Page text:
A new discovery from the National University of Singapore has yielded a material that could be used to create battery-free, wearable sensors to power your electronics from the energy generated via muscle movement.
The sensor, which is the size of a postage stamp, uses human skin as one of its charge-collectors. The device takes advantage of static electricity to convert mechanical energy into electricity. It is powered by the wear’s daily activities such as walking, talking, or simply holding an object.
This from IEEE Spectrum:
They tested the device by attaching it to a subject’s forearm or throat, nanopillar side down. Fist-clenching and speaking produced 7.3V and 7.5V respectively. The researchers tested the device as a human motion/activity sensor by attaching it on the forearm and measuring the pulse generated due to holding and releasing of an object.
Tapping the device generated the highest voltage of 90V and power of 0.8mW. This could light up twelve commercial LEDs.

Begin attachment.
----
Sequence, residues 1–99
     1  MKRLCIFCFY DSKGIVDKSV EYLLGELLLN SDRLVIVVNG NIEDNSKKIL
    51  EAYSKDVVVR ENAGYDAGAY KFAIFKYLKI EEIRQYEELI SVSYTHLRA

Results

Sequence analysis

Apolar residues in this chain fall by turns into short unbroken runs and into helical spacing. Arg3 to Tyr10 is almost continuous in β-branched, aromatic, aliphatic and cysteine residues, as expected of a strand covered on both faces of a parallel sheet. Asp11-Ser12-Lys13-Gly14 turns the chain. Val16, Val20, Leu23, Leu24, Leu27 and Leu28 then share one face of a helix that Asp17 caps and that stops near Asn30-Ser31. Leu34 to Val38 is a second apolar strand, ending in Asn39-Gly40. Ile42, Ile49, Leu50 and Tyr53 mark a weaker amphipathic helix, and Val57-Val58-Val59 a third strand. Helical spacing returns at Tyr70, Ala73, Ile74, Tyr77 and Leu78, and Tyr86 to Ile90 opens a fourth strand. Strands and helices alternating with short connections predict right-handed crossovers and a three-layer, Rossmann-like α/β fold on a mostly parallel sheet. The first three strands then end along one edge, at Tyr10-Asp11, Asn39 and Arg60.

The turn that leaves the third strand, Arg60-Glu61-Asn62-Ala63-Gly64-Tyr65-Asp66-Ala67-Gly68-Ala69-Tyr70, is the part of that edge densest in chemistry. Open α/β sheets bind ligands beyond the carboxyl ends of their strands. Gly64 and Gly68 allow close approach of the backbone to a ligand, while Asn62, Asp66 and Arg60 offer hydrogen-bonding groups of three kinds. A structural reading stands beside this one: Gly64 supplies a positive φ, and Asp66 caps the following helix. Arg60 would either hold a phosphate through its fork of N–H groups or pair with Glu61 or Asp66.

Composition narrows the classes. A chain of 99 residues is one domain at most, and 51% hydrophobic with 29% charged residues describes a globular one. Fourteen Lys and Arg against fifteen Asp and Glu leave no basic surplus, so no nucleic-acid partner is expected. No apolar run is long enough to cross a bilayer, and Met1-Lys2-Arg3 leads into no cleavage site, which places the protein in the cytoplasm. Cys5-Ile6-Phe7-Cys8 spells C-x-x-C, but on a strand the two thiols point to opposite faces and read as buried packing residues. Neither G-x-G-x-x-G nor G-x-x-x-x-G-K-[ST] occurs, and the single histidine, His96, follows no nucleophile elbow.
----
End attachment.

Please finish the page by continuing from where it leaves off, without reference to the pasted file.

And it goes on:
The whole thing works due to the phenomenon known as the triboelectric effect, which creates a potential difference when two materials are pulled apart or flexed. Current then flows between the two materials (i.e. the skin and the sensor), which can be collected using an electrode.
The researchers hope they can make more devices that can be integrated into wearable technology.
For more information on energy storage and conversion, make sure to attend our conference in Glasgow this July!
Abstract deadline for this conference is Feb. 20.
P.S. Don’t forget to meet the organizers.